See: Danino and colleagues and N&Vs by Dougan

  • No. 6 June 2019

    Microbiome and preterm birth

    The Pregnancy Initiative, part of the National Institutes of Health Integrative Human Microbiome Project, followed over 1,500 pregnant women longitudinally in the United States through pregnancy, aiming to understand how the microbiome changes during pregnancy and how it may impact the risk of premature birth.

    See: Serrano and colleagues, Buck and colleagues and N&Vs by Dominguez-Bello

  • No. 5 May 2019

    Modeling injury in the developing human brain

    Premature infants often undergo repeated episodes of hypoxia and can develop a condition called encephalopathy of prematurity with long-term neurodevelopmental impairments. In this issue, Paşca et al. use human pluripotent stem cells to develop a three-dimensional brain-organoid-based model of early brain injury and investigate the cellular effects of oxygen deprivation on human cortical development. The cover illustrates efforts to generate in vitro cellular models of the developing human brain to study and prevent injury.

  • No. 4 April 2019

    Blocking NASH progression

    Nonalcoholic fatty liver disease ranges from steatosis to nonalcoholic steatohepatitis (NASH), potentially progressing to cirrhosis and hepatocellular carcinoma. In this issue, Mathias Heikenwalder and colleagues report the identification of a platelet-dependent mechanism that can potentially be targeted to stall the progress of liver steatosis to NASH and liver cancer. The cover shows an artistic rendition of an electron microscopy image of a NASH liver and activated platelets filled with granules ready to be secreted.

  • No. 3 March 2019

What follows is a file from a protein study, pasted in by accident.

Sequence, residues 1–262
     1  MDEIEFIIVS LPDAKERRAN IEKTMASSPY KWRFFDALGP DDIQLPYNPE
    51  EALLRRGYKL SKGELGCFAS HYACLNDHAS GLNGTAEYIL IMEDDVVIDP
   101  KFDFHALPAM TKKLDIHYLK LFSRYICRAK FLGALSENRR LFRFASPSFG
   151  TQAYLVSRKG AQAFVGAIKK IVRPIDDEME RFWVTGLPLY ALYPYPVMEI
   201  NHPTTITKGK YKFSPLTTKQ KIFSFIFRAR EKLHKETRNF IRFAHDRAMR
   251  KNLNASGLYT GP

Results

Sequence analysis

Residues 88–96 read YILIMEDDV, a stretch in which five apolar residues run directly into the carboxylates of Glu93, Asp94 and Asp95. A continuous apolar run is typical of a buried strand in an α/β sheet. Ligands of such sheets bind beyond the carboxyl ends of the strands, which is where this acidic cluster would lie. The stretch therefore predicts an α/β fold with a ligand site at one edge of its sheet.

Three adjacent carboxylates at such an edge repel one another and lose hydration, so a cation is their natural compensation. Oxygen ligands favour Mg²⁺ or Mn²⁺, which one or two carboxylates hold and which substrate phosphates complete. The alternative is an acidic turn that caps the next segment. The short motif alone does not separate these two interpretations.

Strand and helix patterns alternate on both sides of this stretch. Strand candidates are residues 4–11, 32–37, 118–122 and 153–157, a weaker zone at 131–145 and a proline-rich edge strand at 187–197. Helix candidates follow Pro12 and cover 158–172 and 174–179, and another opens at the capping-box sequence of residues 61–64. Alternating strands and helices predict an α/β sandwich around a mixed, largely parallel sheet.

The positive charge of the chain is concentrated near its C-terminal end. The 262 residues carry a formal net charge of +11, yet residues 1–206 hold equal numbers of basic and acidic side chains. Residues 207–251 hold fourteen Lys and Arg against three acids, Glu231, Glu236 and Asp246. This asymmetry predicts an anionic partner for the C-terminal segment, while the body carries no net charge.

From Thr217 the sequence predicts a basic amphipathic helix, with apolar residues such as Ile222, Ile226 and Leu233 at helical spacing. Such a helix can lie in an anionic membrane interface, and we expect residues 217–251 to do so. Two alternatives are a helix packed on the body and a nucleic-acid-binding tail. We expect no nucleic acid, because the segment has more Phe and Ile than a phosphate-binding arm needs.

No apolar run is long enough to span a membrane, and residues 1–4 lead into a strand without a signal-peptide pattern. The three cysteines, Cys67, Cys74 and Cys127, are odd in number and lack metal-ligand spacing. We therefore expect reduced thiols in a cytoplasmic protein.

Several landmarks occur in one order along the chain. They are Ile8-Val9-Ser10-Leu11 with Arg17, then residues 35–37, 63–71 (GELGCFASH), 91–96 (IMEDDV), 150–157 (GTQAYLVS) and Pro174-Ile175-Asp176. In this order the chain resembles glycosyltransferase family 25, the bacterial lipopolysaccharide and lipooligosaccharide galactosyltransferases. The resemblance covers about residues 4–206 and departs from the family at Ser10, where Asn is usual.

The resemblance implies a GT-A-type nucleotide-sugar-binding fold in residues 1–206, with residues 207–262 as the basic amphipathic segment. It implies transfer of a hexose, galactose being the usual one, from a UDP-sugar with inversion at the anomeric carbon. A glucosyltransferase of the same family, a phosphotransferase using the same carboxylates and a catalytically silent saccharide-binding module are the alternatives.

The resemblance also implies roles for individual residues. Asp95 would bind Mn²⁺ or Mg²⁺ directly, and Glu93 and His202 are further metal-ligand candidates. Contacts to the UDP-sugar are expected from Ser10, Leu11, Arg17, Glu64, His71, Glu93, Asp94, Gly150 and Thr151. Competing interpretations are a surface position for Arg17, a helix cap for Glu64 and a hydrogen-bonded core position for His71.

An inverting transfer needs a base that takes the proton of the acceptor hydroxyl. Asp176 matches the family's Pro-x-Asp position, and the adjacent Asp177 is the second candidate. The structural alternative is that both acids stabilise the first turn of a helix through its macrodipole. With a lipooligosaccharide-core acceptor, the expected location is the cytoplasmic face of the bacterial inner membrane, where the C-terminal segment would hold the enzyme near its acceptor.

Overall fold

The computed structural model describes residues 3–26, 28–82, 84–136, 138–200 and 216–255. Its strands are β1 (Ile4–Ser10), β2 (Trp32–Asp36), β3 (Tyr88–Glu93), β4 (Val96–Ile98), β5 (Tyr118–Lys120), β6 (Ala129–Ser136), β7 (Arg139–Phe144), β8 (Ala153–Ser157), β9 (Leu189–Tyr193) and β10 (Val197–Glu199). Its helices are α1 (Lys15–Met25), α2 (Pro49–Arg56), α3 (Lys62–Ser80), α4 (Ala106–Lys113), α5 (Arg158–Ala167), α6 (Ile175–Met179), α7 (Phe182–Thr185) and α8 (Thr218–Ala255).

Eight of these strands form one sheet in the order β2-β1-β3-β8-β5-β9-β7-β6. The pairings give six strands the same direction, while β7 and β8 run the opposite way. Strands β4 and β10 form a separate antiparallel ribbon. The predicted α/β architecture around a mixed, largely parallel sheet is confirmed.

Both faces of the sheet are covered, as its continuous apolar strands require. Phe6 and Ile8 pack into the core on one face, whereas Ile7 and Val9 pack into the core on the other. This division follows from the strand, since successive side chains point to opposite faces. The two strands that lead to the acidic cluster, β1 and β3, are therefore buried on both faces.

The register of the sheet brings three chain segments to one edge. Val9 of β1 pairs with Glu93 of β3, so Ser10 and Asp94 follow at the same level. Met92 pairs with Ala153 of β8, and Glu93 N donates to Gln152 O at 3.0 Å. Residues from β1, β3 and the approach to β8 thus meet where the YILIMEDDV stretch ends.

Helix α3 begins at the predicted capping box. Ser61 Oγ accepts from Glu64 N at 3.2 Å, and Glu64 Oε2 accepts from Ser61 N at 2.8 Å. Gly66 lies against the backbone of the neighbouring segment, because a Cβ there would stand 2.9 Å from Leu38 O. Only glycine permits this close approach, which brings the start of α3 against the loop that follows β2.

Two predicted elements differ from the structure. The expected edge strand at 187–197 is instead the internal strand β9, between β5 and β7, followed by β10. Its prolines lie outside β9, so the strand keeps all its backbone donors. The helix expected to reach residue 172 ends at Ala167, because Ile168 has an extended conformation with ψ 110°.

Focus on Cancer Therapy

    Reducing the burden of cancer remains a critical global health challenge. Ahead of the 2019 meeting of the American Association of Cancer Research, we bring our readers a special Focus on Cancer Therapy that highlights opportunities and challenges in our understanding of the disease, the development of new therapeutic approaches and the need for improved care and early diagnosis. The cover image is an artistic rendition of the combination of multiplex immunofluorescence and CyTOF analyses of glioblastoma samples from patients treated with neoadjuvant pembrolizumab, reported by Rob Prins and colleagues in this issue.

  • No. 2 February 2019

    Restoring vision loss

    Photoreceptor ciliopathies constitute the most common molecular mechanism of the childhood blindness Leber congenital amaurosis. In this issue of Nature Medicine, Artur Cideciyan and colleagues report that RNA antisense oligonucleotide therapy restores normal splicing of a ciliopathy-associated gene and shows promising safety and efficacy results in patients with Leber’s amaurosis. In an independent study, Morgan Maeder and colleagues report the development of a gene-editing approach to restore vision in preclinical models of this disease.

    See Cideciyan and colleagues, Maeder and colleagues and News & Views by Sahel and Dalkara

  • No. 1 January 2019

    Medicine in the digital age

    As Nature Medicine celebrates its 25th anniversary, we bring our readers a special Focus on Digital Medicine that highlights the new technologies transforming medicine and healthcare, as well as the related regulatory challenges ahead.

    See Focus